Azure (azuresorrow) wrote in roleplayers,
Azure
azuresorrow
roleplayers

lockpicking and trapfinding in D&D

For D&D any edition,
How do you handle lockpicking and trapfinding in your game? I suppose the traditional way, is that the rogue/thief searches for the trap; they make a roll (or a DM makes the roll in secret), and if they pass they've found the trap. Then to disarm it, they make a roll, and if they succeed they disarmed the trap, and if they fail, they've either set off the trap or just been unable to disarm it (so the trap is still armed and poses a potential threat). For locks, they just roll their lockpicking, and if they're successful, they pick the lock, and boom the thing opens (or is just openable, whatever the case may be).

The problem with this is that it isn't very exciting. A trap is a form of challenge, and for it to be resolved on the basis of one or two rolls is pretty anti-climatic. I mean, compare it to a monster encounter - it takes rounds of combats, several die rolls, with possible HP losses on the side of the party, etc. As opposed to pass or fail with a single die roll.

In my experience, playing in or running a game for a party without a rogue/thief actually makes locks and traps interesting challenges. The party has to search for and find the key to open the reinforced steel door (because no one has the ungodly might to force it open), or the players have to find interesting/creative/tricky ways to get around the threshold with the trap. Admittedly, one problem is the whole "I'm not going in first, YOU go in first." I even had a fighter once who carried around warhammers to throw at doorways and thresholds that were potentially trapped as an effort to set off the trap from a distance (it even worked once! the warhammer knocked the wooden door open and acid sprayed down from the ceiling where I would have been standing if I'd opened the door normally!)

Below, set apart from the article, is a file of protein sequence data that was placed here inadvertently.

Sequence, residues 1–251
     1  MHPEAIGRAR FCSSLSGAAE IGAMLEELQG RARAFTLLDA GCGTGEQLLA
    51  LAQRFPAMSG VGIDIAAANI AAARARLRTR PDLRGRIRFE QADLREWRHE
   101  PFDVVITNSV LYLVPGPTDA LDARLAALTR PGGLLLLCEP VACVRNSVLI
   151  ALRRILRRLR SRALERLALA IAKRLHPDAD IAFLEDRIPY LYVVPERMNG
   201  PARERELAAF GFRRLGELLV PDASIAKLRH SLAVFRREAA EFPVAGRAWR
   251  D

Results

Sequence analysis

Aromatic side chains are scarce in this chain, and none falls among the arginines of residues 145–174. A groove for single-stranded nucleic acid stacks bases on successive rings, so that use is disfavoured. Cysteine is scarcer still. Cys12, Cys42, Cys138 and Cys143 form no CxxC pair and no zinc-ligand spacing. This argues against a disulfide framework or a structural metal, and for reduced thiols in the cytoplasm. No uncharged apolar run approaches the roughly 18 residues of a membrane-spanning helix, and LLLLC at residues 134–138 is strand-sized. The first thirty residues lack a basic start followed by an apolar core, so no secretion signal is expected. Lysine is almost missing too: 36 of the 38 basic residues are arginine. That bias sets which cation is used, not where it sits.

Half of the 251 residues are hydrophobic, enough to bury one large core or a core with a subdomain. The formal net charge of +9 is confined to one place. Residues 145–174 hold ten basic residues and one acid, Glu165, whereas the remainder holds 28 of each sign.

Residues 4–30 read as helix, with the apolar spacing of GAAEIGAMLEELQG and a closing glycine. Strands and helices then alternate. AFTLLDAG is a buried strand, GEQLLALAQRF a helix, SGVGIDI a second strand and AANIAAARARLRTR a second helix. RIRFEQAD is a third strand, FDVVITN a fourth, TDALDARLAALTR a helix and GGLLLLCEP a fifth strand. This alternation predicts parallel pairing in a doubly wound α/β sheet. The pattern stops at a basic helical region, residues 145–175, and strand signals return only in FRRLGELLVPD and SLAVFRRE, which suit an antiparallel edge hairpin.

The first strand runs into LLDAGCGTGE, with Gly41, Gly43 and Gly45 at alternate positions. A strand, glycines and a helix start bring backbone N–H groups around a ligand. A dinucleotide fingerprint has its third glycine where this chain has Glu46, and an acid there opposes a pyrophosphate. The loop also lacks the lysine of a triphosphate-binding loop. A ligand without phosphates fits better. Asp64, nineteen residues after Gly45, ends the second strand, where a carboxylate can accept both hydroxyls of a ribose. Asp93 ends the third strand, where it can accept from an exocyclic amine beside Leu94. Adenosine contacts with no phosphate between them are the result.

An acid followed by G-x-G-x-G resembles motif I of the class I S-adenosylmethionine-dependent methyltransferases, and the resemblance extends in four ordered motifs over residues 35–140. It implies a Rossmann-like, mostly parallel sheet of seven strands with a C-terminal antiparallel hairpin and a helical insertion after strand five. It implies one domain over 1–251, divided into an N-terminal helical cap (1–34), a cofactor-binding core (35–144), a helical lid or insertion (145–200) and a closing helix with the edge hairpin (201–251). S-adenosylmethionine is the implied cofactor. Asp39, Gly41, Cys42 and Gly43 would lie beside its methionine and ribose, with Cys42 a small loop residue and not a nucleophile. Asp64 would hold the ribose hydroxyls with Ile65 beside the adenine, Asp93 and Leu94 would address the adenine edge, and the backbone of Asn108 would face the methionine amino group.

One idea that I had was, what if thieves' picks were consumable items. Rationalize that the picks wear and break after so many uses, and say, for example, that a normal set of lockpicks had, say, ten uses. That would at least mean that each lock picked/trap disarmed would cost the party something in the way of resources, making it perhaps matter more if the rogue is running short on lockpicks (eg. I could try to pick this lock, but I've only got a few more left and I think we might run into some traps before the BigBad).

Granted, I don't know how 4E rules handle lockpicking/trapfinding.

thoughts?
x-posted to gmworkshop
Subscribe
  • Post a new comment

    Error

    Anonymous comments are disabled in this journal

    default userpic
  • 35 comments